Melbourne Water has become a leader in adopting vacuum toilet technology, used for the organization's recently commissioned new headquarters at 990 La Trobe Street in Melbourne.
Architects Umow Lai carried out the design work at the firm's Melbourne office, following successful application of the vacuum toilet technology in the Pixel Building. Richstone Plumbing Group carried out the installation with initial supervision by Vacuum Toilets Australia, the suppliers of the vacuum toilet system.
John Neskudla, managing director of Vacuum Toilets Australia, said “It is pleasing to see that together, Umow Lai and the Melbourne Water Authority have embraced this technology. Victoria has shown the way to all of Australia by being very progressive and willing to look at alternative solutions. This is the technology of the future, and needs to be accepted before it becomes mainstream. The Plumbing Industry Commission showed the way ahead by allowing this technology, and that is great for the future of Victoria.”
The Melbourne Water building is spread over eight floors and has eighty vacuum pans, of which eight are for use by disabled people. All branches from the risers in the building are 50 mm piping and the risers themselves are 75 mm.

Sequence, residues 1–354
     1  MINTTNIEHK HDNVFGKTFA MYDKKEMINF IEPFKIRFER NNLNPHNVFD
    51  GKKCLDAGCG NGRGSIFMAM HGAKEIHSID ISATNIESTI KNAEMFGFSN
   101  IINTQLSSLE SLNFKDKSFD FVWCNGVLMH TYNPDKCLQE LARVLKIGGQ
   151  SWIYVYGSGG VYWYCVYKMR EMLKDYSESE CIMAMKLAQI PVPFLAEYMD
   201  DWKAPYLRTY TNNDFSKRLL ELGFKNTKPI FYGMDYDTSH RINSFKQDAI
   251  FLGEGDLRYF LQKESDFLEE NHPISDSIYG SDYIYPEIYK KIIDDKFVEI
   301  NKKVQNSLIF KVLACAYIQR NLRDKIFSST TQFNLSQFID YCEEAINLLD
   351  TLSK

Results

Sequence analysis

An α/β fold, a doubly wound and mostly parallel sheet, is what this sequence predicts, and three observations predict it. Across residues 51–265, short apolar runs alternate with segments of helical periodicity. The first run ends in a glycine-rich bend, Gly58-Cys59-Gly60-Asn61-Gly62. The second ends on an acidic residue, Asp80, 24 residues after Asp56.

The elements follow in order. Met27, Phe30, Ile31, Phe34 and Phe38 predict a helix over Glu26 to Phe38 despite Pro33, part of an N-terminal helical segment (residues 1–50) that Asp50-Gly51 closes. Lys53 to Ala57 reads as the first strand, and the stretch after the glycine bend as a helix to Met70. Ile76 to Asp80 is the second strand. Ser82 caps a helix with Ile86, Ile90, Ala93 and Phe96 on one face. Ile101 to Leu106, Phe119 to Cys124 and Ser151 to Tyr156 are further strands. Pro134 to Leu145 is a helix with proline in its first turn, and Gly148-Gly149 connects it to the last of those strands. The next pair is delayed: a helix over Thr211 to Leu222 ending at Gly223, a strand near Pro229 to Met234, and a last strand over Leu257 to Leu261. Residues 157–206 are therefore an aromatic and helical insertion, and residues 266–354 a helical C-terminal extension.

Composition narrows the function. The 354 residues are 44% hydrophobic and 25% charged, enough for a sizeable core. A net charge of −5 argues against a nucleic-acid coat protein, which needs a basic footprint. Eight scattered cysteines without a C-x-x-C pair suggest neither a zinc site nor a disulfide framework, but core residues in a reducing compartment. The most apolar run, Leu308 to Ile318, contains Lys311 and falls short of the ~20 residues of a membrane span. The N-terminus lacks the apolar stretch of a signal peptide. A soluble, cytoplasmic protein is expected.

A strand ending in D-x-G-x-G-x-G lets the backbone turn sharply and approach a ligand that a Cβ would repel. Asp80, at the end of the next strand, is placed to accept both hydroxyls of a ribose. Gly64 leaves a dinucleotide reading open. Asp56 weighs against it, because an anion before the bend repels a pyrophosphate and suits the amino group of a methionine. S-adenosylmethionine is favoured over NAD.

“There is no need to use piping of 100 or 110 mm anymore when using vacuum toilets, and there is no need for gravity fall in any of this installed piping,” says Neskudla. “Because of the reduced pipe diameters, ceiling cavities and wall spaces can be much smaller.”
The Melbourne Water building is supplied with a Jets vacuum pump station in the basement, with two large vacuum pumps each capable of servicing the 1,100 persons using the building. A UPS system on standby allows use of the toilets in the event of a power failure.
Vacuum toilets can be placed anywhere in a design without regard to gravity fall, opening up new possibilities for excellent design. The toilets evacuate directly up into the ceiling cavity via the wall spaces.
“Because the pans evacuate vertically up," says Neskudla, "they can be placed directly above sensitive areas as restaurants and food preparation areas. The pans use 0.8 litres per flush, which gives the Melbourne Water project a 9 million litre a year saving on water consumed, and saves on waste water costs. This technology uses no intermediate tanking, so flows to the sewer are as per normal, though at a greatly reduced volume. The waste is macerated by the vacuum pumps and does not need to be 'floated' and 'pushed' by large volumes of water to make it flow down the sewer.
“The product has proven itself over more than thirty years and is supplied to the largest cruise ships in the world," says Neskudla. The Royal Australian Navy has supplied most of its vessels with Jets vacuum toilet systems, and it is time this technology came ashore.”